Wednesday, February 28, 2007

Marshaling Integrity - Joseph Murphy

These excerpts are taken from our interview of Joseph Murphy, an in-house compliance lawyer and outside advisor (and Working for Integrity co-author).

In my role in CSLG I provide advice to companies. Much of this I can do from my office, on the phone or by e-mail. I may write or review draft company documents—codes, policy statements, audit reports—and provide the client with changes and ideas. I also do training and audits for companies. The training involves on-site visits and presentations to employees. These sessions are typically interactive, using exercises like role-plays or other techniques to involve the employees in the learning process. The audits also involve on-site visits including review of documents and interviews with employees, as well as walking the premises. I also participate in client meetings addressing a variety of compliance program elements.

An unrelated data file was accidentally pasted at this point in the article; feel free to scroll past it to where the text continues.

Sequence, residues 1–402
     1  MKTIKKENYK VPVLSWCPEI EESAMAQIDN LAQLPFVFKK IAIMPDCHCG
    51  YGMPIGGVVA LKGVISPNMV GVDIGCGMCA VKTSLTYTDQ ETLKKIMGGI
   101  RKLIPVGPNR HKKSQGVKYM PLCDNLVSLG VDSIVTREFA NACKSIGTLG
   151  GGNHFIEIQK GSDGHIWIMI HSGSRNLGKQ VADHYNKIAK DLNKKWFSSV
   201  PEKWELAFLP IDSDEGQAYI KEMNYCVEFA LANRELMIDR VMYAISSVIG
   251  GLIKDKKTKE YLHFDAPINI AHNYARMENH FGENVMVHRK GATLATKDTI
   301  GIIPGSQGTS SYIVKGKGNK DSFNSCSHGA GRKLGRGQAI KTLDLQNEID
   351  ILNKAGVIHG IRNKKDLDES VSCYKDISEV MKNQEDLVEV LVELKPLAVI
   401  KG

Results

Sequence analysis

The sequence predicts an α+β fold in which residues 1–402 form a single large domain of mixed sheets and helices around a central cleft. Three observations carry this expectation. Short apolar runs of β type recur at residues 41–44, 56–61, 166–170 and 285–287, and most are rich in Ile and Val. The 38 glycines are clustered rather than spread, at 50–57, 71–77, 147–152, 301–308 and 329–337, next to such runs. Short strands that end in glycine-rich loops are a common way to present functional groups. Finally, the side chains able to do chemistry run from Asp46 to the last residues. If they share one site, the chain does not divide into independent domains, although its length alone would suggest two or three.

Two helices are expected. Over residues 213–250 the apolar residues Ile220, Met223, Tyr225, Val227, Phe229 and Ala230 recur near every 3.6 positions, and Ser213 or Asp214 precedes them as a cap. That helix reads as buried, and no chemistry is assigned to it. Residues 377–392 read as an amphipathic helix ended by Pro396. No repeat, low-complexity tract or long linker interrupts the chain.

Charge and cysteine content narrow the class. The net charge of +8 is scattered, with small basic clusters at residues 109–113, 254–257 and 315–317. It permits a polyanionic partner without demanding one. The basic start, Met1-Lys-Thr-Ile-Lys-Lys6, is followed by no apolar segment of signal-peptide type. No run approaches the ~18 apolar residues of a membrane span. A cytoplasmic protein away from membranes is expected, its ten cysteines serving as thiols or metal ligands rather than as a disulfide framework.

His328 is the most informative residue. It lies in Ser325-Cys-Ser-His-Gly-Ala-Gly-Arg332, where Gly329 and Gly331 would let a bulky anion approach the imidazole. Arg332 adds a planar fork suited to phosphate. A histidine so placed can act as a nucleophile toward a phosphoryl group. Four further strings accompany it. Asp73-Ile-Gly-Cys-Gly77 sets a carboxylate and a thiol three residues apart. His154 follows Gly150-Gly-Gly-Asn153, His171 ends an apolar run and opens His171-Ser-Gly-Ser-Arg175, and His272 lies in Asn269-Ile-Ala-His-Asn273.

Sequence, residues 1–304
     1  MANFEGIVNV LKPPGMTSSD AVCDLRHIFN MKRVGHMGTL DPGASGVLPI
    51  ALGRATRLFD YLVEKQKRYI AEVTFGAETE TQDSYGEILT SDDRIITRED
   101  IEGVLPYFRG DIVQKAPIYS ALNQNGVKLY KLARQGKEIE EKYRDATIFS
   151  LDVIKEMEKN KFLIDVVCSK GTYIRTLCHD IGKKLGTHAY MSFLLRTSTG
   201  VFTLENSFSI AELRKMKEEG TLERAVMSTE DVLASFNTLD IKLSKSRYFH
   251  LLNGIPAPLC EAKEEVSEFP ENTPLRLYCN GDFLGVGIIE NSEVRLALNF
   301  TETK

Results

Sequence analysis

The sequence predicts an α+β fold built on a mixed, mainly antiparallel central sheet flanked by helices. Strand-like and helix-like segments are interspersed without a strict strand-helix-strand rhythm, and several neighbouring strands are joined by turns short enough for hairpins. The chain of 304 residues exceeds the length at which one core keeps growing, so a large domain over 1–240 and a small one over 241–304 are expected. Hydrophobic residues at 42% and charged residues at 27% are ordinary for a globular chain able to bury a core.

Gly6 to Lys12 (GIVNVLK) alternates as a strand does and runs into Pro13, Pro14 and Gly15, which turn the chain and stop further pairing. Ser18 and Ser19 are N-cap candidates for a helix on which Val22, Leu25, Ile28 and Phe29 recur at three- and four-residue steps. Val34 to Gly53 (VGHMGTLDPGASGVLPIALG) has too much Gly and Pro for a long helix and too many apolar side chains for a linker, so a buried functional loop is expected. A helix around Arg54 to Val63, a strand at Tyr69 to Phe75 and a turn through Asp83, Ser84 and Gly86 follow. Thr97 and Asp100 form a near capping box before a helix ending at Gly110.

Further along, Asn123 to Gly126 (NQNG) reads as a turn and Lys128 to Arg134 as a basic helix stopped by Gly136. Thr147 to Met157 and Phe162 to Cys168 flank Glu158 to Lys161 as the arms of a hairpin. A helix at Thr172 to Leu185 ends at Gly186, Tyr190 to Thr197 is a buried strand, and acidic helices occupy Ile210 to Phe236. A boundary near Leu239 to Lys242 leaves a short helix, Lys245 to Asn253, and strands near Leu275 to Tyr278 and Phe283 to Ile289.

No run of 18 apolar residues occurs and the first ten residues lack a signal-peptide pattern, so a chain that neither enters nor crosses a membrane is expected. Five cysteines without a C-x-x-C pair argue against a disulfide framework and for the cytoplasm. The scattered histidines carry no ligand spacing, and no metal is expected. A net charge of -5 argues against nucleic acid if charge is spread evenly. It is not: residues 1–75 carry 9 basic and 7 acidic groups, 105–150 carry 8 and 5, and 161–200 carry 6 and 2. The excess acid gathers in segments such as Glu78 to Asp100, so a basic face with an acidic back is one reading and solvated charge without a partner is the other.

Government needs to do more to recognize compliance programs and compliance professionals. For example, if you look at the Sarbanes-Oxley Act, you will not find any reference to compliance programs or compliance officers, even though this law deals with preventing corporate misconduct. This omission is a mistake. Government needs to make it clear that it will treat companies better if their compliance programs are rigorous and staffed by empowered compliance professionals. Government also needs to take steps to eliminate the legal barriers to having effective compliance programs. It should be clear, for example, that the results of compliance audits cannot be used against companies.

The people who are doing this work need to see themselves in a larger context as practicing in the field of ethics and compliance. They need their employers and society to recognize this as a discrete and very important field of practice, and that it is becoming truly a profession. It is necessary because the people doing this work need that degree of protection; they need that degree of independence and empowerment if they are going to work effectively.

Joseph Murphy's interview appears in both Working for Integrity and Building a Career in Compliance and Ethics.

(All interviewees spoke to us about their own personal experiences and opinions; interviewees were not acting as a spokesperson or otherwise representing their current or former employers.)

(This entry - and most of the blog - was written by Joshua Leet)